How to Turn Mischief into an Opportunity to Build Wisdom

child misbehavior cut hair mischief

Zurijeta | iStockphoto

 

Becky and her two daughters, six-year-old Brianna and four-year-old Maisie, were at a playdate. The girls were downstairs with an older girl who was bit of a mischievous spitfire. Maisie came up and Becky noticed immediately that her hair had been cut.

Instead of flying off the handle, Becky curiously asked, “Huh, what happened down there?” The little girl’s eyes lowered and she truthfully responded, “We cut our hair.” Becky had Maisie go get her older sister and they headed home.

Becky wanted the girls to think through the natural impact of their decisions so she asked more questions. “What do you think we need to do to fix your hair?” The girls answered sheepishly, “We need to get our hair cut.”

“How do you think we will pay for that?”

“With our piggy banks?” They both answered with tears in their eyes. They had each been saving up for something special.

They decided together that the girls would pay as much as they could from their piggy banks and then would do chores to make up the difference. The girls also realized their short haircuts may raise some questions so Becky talked through with the girls, “What will you say when someone asks you about your hair?” The girls responded with quiet voices, “We cut our own hair.”

Becky also wanted the girls to understand the safety issues related to their little beauty salon adventure. “Can you tell me why playing with scissors without adult supervision was a dangerous choice?” The girls came up with various reasons on their own. Big sister, Brianna, even realized that she needed to set a good an example for her little sister, Maisie.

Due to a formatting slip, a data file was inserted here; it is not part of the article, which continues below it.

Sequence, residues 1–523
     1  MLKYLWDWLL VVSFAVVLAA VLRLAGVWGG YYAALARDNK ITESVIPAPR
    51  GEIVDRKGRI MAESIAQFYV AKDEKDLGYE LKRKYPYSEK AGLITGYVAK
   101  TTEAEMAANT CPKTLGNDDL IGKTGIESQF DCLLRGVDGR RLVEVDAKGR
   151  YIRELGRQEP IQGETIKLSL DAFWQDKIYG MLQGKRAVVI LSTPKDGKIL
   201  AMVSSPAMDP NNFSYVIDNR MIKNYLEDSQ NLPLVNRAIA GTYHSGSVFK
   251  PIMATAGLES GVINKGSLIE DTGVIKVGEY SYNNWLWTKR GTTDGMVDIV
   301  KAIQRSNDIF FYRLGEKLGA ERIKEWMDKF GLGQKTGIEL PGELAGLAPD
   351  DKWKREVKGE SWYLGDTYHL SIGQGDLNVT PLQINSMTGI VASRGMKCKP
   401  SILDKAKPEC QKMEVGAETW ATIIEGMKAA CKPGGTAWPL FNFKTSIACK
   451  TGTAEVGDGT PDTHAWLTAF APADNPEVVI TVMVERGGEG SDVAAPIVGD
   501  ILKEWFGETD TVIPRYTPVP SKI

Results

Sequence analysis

The girls’ scissors privilege was suspended until they could help write some guidelines about how to use scissors – what’s okay to cut and what’s not okay to cut. And in order to strengthen their judgment around their mischievous friend, at the next play date they looked for things in her basement that may be unsafe. Becky sensed that the girls understood what sort of things were safe and what were not. When she asked “Do you think you’re ready to play wisely down here?” the girls determined they were ready to be safely unsupervised.

Even if your kids no longer butcher their own locks, you can apply the principles Becky followed with kids of any age:

  • She stayed calm and looked for the learning opportunity in the situation.
  • In the first half of this story – she made no judgments and instead asked numerous thoughtful questions focused on building insight and solutions for which her kids were responsible.
  • Privileges were suspended — only until it was clear the kids had learned what they needed to play safely again.

What stands out to you in her approach and how could you apply it to a misbehavior with your child?

Apply It Now:

  • How could you maximize your child’s learning through thoughtful, relaxed questions about the natural impact of his/her actions?
  • How could you equip your child to make a wiser response next time, with privileges on hold if necessary until this is demonstrated?

Hsin-Hsin and Allen Lueth have sponsored this parenting tip to express their deep gratitude to the Connected Families ministry. (Learn more about sponsoring a parenting tip here.)

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